Psychology (PSYC) 478
Autism Spectrum Disorder (Revision 2)
View previous revision
Area of Study: Social Science
Precluded: PSYC 478 is a cross-listed course—a course available in two different disciplines—with EDPY 478. PSYC 478 cannot be taken for credit if credit has already been obtained for EDPY 478.
PSYC 478 is not available for challenge.
Psychology 478: Autism Spectrum Disorder is a three-credit, senior-level course that is designed to develop familiarity with a variety of topics related to Autism Spectrum Disorder (ASD). Issues related to etiology, diagnosis, characteristics of autism, and treatment models are presented.
Autism is an early-onset neurodevelopmental disorder. A person receives a diagnosis of ASD when they have a combination of atypical responses in categories relating to social interaction, communication, and restrictive and repetitive behaviours. Many people on the autism spectrum face significant challenges with daily living, relationship building and maintenance, emotion awareness and regulation, and both verbal and nonverbal communication. Many also have problems with motor coordination and fine motor control to produce speech or certain sequences of movements. Other areas of difficulty may include problems with sensory regulation, sleep, attention, and executive function abilities.
The overall goal of this course is to provide you with an understanding of ASD and best practices in treatment. Given that the prevalence of ASD (if broadly defined) is 1 in 50 children, professionals and para-professionals in a variety of fields will encounter children, youth, and adults with ASD. Having this foundational understanding of ASD will enhance your skills and build capacity for successful interactions and outcomes.
After completing PSYC 478, you should be able to do the following:
- Explain the characteristics, diagnosis, and theorized etiologies of Autism Spectrum Disorder (ASD).
- Discuss evidence-based practices and the different interventions available for individuals with ASD to assess their efficacy.
- Describe the effect ASD can have in families throughout their lifespan, and identify ways to support the family.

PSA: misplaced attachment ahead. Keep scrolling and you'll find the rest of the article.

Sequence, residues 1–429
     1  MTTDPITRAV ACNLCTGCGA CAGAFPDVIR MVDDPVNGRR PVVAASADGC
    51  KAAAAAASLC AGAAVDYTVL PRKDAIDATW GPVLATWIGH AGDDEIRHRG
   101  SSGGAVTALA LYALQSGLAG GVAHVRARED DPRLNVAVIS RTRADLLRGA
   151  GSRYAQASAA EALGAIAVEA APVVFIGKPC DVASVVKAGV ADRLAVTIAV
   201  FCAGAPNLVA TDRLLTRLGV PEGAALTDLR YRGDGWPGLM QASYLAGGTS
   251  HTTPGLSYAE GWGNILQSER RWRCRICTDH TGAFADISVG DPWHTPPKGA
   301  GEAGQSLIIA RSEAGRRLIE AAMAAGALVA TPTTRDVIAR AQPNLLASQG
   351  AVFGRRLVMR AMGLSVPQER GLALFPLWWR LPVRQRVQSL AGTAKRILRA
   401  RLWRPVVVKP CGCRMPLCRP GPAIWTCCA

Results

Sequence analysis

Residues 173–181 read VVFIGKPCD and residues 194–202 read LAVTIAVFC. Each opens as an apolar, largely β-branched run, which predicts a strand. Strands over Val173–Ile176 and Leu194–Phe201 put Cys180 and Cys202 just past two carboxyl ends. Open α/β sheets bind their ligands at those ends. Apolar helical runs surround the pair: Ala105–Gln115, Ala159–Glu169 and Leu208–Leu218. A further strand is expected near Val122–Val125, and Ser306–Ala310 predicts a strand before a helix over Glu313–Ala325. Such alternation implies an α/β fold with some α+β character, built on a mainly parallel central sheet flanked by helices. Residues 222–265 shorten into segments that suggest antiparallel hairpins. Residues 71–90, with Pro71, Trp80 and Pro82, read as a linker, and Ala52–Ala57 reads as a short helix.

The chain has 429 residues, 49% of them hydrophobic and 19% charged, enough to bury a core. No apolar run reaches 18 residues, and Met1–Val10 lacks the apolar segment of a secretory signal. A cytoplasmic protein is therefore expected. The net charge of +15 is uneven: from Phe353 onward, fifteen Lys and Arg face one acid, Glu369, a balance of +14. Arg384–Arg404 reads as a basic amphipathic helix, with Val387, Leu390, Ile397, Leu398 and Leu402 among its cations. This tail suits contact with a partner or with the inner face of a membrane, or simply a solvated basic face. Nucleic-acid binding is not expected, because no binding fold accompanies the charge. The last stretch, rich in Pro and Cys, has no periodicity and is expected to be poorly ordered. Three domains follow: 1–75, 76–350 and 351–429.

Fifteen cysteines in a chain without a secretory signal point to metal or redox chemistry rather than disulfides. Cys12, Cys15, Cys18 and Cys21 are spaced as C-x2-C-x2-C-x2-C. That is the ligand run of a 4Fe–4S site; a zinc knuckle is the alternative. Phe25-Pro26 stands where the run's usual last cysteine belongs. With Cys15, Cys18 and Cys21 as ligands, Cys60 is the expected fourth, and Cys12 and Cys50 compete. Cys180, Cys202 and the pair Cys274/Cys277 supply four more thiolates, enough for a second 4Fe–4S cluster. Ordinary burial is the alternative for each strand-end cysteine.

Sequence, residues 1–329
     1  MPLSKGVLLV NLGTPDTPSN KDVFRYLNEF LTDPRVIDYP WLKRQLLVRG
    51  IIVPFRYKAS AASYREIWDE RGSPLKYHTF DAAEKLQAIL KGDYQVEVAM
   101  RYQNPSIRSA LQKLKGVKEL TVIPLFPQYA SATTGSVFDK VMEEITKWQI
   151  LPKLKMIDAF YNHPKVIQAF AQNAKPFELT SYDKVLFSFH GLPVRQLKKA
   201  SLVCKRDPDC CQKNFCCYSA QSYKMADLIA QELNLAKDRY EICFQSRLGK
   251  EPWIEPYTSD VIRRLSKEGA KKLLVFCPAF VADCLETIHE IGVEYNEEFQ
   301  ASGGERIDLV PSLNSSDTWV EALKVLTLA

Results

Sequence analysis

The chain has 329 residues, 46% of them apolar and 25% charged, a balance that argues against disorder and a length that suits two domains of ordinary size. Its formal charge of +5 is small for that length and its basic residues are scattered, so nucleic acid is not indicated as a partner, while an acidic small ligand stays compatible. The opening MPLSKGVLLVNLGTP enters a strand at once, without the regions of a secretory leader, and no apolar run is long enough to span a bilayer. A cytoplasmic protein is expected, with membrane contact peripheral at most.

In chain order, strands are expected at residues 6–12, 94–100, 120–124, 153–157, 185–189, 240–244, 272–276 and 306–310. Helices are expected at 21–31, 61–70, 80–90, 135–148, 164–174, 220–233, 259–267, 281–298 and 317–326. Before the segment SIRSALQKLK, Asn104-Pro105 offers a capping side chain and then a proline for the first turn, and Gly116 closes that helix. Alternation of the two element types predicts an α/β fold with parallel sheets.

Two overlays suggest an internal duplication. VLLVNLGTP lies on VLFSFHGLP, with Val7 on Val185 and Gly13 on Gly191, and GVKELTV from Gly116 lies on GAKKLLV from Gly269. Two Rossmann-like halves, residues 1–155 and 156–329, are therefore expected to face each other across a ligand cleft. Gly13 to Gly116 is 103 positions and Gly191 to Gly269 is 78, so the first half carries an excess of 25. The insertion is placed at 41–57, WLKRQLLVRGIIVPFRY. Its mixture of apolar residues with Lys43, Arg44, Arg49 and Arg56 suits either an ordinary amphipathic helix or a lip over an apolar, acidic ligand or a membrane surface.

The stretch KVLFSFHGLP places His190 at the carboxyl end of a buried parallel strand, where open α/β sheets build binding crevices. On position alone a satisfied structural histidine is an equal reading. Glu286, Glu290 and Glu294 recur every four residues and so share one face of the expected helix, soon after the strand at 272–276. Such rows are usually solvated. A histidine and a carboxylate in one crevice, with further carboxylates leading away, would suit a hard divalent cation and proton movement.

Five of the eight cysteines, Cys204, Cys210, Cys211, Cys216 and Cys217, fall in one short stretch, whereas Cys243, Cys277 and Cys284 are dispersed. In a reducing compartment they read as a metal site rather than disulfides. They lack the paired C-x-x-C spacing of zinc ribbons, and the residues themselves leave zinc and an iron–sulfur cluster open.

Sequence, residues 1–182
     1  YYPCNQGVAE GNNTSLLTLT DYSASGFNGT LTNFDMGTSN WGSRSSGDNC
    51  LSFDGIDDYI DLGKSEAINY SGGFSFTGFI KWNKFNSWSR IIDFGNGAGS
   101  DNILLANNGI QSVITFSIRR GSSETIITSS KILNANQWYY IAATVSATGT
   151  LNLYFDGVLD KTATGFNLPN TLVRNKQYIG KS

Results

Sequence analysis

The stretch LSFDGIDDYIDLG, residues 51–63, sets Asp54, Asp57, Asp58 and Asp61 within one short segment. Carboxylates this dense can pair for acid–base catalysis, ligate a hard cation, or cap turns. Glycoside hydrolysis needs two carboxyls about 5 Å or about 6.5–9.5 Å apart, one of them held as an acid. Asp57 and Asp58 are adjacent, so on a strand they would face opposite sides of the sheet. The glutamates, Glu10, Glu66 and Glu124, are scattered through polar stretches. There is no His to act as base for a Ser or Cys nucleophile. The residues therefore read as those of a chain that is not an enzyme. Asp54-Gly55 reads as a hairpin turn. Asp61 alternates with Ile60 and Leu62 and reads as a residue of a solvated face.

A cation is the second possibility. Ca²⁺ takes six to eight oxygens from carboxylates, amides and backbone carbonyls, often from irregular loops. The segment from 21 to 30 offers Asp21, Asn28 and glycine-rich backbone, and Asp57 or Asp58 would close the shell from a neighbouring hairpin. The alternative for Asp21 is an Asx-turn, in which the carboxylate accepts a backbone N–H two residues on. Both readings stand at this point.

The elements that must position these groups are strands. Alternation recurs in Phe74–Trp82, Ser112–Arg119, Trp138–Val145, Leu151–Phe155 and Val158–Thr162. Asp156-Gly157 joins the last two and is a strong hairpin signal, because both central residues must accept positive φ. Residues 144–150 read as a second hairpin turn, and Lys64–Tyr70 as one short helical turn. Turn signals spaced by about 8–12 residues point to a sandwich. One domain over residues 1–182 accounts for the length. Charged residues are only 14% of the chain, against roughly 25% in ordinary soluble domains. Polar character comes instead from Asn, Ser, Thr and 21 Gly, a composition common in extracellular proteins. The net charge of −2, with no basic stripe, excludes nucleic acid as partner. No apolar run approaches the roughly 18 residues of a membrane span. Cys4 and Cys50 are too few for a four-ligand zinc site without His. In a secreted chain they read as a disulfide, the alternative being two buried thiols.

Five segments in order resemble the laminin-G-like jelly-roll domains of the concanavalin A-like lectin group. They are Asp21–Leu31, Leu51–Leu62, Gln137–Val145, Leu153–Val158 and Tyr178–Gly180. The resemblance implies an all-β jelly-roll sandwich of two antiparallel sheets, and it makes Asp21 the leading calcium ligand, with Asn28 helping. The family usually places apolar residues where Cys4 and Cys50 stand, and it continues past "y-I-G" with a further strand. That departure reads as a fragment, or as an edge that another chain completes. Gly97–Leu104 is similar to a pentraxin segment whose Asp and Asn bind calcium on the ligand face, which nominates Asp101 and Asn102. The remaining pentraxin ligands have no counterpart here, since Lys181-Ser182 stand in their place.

- Describe functional behaviour analysis and how antecedents and consequences influence behaviour.
- Discuss common characteristics associated with ASD in the areas of communication, socialization, daily living, play, motor development, sexuality, and academics.
- Discuss the use of assistive technology for individuals with ASD.
- Describe evidence-based planning practices to promote successful transition to adulthood.
PSYC 478 comprises fourteen units:
- Unit 1 – Overview
- Unit 2 – Evidence-Based Practices (EBPs)
- Unit 3 – Working with Families
- Unit 4 – Environmental Measures
- Unit 5 – Applied Behaviour Analysis
- Unit 6 – Communication
- Unit 7 – Social Skills
- Unit 8 – Daily Living Skills (DLSs)
- Unit 9 – Academic Skills
- Unit 10 – Play-Focused Interventions
- Unit 11 – Technology
- Unit 12 – Motor Considerations
- Unit 13 – Sexuality
- Unit 14 –Transitions
To receive credit for PSYC 478, you must achieve an overall course grade of at least D (50 percent). In addition, all course assignments must be completed to pass the course. The weighting of assignments is as follows:
|Participation in the Discussion Forum||25%|
|Personal Reflection Paper||30%|
To learn more about assignments and examinations, please refer to Athabasca University's online Calendar.
Boutot, A. E. (2017). Autism Spectrum Disorders: Foundations, characteristics, and effective strategies (2nd ed.). Pearson Education, Inc.
A print version of the eText may be available for purchase from the publisher through a direct-to-student link provided on the course website; you can also acquire the textbook on your own if you wish.
All other learning resources will be available online.
Athabasca University reserves the right to amend course outlines occasionally and without notice. Courses offered by other delivery methods may vary from their individualized-study counterparts.
Opened in Revision 2, September 4, 2020